Back in 2005, a young musician named Adam Granduciel moved to Philadelphia to join the music scene there. “I was like an extreme hobbyist,” he remembers, never thinking a career in music was within reach. He recorded a couple EPs independently. When the record label Secretly Canadian came calling, he says he was shocked. “They were like, ‘Hey, do you want to do a whole record?’ and I was like, ‘What do you mean? I don’t know what you’re talking about.’”
The War on Drugs has always been at once a band and a solo project. The band’s sophomore effort, Slave Ambient, was successful enough that Granduciel quit his day job to focus on making his next record. “Finally, it was like all I had to do was make this album,” he tells Kurt Andersen. “And I was just thinking about inspiration and what’s your purpose? What’s anyone’s purpose? What’s my purpose?”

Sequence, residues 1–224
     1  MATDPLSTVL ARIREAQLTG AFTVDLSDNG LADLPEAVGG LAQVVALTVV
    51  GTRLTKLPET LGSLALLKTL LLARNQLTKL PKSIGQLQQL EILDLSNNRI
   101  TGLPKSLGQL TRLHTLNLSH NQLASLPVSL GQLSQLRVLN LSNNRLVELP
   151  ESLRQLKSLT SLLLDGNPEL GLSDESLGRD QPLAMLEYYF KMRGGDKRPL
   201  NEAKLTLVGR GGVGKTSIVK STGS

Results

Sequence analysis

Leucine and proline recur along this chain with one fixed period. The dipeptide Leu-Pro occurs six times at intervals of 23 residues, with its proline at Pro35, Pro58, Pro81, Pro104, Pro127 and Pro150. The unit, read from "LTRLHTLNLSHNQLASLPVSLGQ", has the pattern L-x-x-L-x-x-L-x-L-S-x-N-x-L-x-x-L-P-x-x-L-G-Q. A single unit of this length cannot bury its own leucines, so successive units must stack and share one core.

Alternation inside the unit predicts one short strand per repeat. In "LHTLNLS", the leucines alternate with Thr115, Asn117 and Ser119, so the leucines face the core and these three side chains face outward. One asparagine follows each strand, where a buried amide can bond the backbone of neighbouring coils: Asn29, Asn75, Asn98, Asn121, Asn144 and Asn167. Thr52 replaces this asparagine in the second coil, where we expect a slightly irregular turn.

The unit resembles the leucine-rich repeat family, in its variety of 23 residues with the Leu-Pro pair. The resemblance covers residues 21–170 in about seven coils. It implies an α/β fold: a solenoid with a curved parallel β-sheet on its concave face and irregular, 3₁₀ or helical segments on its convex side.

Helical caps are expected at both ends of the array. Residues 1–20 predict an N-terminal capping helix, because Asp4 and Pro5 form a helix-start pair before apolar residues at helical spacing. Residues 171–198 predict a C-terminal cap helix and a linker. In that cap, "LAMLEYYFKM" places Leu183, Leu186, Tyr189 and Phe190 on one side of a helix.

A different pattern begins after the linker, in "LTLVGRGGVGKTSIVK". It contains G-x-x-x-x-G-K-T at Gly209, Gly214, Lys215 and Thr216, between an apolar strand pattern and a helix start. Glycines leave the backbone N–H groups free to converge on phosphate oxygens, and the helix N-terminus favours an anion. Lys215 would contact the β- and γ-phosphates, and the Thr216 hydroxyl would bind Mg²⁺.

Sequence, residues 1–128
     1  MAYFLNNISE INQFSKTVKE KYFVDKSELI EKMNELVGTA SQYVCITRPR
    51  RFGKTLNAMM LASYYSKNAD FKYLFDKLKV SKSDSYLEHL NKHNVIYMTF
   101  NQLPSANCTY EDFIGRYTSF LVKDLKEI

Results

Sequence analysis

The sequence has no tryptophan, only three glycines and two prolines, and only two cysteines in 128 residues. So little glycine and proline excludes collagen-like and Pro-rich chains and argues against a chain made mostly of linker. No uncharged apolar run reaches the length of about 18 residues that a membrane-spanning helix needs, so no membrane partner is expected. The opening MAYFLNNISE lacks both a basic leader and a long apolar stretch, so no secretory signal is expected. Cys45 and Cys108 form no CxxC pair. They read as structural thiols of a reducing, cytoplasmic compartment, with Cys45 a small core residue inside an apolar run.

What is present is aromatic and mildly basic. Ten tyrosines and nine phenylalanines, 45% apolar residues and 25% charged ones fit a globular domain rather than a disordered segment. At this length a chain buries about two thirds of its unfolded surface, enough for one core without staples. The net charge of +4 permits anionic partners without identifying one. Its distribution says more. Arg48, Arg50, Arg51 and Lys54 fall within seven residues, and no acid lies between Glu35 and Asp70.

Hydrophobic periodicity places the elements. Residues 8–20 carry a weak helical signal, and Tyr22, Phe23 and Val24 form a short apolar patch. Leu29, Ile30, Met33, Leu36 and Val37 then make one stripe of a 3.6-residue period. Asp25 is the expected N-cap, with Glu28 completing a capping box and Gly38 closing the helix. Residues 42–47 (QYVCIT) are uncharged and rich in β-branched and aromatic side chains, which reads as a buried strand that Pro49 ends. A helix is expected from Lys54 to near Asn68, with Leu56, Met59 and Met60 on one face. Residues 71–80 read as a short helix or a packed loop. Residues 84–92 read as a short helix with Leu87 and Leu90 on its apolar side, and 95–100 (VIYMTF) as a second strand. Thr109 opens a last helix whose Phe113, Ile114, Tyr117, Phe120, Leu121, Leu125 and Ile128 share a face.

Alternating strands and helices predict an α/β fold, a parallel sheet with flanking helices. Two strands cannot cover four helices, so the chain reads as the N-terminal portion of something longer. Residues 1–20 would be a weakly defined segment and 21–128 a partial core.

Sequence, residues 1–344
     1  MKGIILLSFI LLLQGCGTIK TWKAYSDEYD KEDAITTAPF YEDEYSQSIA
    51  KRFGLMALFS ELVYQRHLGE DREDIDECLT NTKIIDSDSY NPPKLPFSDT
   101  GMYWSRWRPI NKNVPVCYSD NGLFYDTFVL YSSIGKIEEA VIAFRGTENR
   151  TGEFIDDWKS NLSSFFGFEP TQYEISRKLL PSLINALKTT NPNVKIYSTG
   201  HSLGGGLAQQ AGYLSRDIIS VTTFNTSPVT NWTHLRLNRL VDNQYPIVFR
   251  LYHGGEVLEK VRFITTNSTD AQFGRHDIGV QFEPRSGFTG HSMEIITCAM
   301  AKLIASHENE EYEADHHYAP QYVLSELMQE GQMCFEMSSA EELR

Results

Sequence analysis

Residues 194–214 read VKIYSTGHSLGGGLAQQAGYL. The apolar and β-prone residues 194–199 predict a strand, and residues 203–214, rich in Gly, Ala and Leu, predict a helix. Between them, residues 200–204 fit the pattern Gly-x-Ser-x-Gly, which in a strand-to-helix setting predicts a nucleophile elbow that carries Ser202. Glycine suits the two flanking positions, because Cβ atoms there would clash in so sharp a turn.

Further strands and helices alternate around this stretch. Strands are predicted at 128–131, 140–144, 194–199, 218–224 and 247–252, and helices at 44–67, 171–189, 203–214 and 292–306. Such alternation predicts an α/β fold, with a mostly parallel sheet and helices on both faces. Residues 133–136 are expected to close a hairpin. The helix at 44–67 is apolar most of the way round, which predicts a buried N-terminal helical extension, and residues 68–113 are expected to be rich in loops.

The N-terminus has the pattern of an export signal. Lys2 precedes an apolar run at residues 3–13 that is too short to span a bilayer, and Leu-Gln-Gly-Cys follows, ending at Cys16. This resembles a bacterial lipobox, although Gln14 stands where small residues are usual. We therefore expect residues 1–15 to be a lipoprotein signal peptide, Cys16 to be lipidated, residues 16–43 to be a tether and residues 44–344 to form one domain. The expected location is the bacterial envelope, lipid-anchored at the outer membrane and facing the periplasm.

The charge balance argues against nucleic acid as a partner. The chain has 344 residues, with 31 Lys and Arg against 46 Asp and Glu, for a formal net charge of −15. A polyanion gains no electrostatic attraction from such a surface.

The answer to those questions is Lost in the Dream. The new album is filled with music that you want to drive to — and keep driving, all night long. The influence of Bob Dylan is undeniable, although Granduciel claims that he came to his “guru” relatively late. At 23 and experiencing intense heartache, he discovered Blood on the Tracks. “It’s more than just ‘Mr. Tambourine Man,’” he realized. “And that’s when I just fell into the hole.”
The War on Drugs performs live in Studio 360: with Adam Granduciel (vocals, guitar, harmonica), Dave Hartley (bass), Robbie Bennett (piano), and Anthony LaMarca (drums).
Bonus Track: “Under the Pressure” live in Studio 360
Red EyesArtist: The War on DrugsAlbum: Red EyesLabel: Secretly Canadian
Eyes To The WindArtist: The War on DrugsAlbum: Lost In The Dream
Lost In The DreamArtist: The War on DrugsAlbum: Lost In The Dream